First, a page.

Application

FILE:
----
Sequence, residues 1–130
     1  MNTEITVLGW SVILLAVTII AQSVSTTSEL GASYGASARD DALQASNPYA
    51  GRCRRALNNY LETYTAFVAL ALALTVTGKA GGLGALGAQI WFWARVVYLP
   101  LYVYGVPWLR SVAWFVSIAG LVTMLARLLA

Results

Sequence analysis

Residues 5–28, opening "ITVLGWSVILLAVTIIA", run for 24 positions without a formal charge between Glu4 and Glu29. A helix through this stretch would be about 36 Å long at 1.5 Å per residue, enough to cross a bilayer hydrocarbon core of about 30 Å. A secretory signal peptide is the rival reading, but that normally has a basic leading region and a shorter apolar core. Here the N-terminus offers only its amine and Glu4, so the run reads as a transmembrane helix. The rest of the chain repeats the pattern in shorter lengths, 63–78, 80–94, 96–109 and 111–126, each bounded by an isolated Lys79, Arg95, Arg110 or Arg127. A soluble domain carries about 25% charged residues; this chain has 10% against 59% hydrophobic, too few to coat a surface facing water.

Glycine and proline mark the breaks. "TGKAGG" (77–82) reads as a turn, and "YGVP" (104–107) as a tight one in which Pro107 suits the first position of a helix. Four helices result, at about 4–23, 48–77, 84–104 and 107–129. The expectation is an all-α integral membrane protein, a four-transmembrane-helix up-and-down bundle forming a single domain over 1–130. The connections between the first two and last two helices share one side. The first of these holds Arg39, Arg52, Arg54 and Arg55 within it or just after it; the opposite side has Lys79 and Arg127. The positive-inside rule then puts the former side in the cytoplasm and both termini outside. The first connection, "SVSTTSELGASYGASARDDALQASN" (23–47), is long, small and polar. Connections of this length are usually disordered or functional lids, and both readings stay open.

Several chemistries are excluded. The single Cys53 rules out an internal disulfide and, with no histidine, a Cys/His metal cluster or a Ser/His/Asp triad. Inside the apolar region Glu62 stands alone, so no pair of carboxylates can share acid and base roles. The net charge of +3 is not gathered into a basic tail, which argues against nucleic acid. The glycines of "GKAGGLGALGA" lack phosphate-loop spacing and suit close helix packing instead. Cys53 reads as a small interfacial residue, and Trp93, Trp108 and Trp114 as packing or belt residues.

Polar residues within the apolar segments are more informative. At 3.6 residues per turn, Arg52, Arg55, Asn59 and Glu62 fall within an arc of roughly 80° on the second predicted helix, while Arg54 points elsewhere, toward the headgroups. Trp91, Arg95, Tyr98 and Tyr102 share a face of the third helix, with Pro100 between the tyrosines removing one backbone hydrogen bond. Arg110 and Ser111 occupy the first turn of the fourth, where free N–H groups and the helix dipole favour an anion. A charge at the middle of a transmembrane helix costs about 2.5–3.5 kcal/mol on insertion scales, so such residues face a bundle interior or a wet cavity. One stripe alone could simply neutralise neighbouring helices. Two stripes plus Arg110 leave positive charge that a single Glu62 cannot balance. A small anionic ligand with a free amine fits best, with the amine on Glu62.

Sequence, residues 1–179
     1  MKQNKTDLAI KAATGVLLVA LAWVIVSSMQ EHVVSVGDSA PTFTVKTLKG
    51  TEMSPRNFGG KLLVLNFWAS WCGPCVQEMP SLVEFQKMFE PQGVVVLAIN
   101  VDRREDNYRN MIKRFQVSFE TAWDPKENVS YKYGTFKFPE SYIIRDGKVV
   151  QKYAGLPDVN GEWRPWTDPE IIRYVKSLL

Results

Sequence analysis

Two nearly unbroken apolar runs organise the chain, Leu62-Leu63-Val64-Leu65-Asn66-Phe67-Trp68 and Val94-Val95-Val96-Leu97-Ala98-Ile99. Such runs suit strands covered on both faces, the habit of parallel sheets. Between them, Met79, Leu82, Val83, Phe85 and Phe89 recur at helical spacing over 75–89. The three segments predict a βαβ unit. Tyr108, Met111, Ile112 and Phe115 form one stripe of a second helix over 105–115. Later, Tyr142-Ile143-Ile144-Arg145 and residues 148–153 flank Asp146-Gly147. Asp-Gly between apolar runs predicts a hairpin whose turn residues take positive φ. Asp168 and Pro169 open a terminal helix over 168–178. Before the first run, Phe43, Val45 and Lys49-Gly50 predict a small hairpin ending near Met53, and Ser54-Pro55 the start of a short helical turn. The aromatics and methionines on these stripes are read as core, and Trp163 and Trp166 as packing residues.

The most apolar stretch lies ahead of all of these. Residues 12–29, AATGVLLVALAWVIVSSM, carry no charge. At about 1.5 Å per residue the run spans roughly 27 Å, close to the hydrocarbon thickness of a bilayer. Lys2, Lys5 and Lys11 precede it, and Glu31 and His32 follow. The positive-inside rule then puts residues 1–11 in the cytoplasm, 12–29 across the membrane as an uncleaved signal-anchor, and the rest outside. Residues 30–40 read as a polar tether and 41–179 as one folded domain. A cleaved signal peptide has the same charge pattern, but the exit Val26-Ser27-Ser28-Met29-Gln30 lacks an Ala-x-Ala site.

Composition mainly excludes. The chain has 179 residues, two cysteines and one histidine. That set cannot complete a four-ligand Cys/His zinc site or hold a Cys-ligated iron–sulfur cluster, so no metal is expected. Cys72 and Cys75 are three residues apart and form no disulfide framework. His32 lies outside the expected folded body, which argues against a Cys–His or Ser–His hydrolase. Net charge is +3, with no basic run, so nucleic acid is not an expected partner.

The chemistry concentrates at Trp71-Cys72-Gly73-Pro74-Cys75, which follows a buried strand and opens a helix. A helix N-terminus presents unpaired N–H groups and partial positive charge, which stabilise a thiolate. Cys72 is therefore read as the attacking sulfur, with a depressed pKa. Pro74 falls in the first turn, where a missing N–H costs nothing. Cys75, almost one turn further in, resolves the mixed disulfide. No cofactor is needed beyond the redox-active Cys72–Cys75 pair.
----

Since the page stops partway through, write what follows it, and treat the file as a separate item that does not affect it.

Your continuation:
Today was a great day. And we needed such a day since we’ve been starting early and finishing late for the past several days. Personally, I love Johansson’s theory of the “Medici Effect;” it is the cross-pollenization of ideas where the breakthroughs occur. This mirrors a process that I try to employ with the Leadership Communities for Externally Focused Churches and the Global Learning Community that I’m engaged with. We try to create an environment where passionate and talented practitioners can be in the same space for 3 or 4 days and put their minds around common challenges. The results have been accelerated progress on all fronts. I think there is also something healthy about “competition” that brings out the very best in people’s abilities (though maybe not in their personalities). A couple of months ago I had a leadership community (12 churches, 50 leaders) meet with John Handy, former VP of design for Mattel Toy Company where he supervised 160 designers. He really stresses that competition brings out the very best design—especially when there are deadlines. Now the rub comes by bringing competition to the church. It’s not that it doesn’t currently exist—think of pastors who are “called” by another (most often larger, better paying or in a better location). Churches are competing for the best personnel…but no one calls it that. Well, we might have to wait on that one.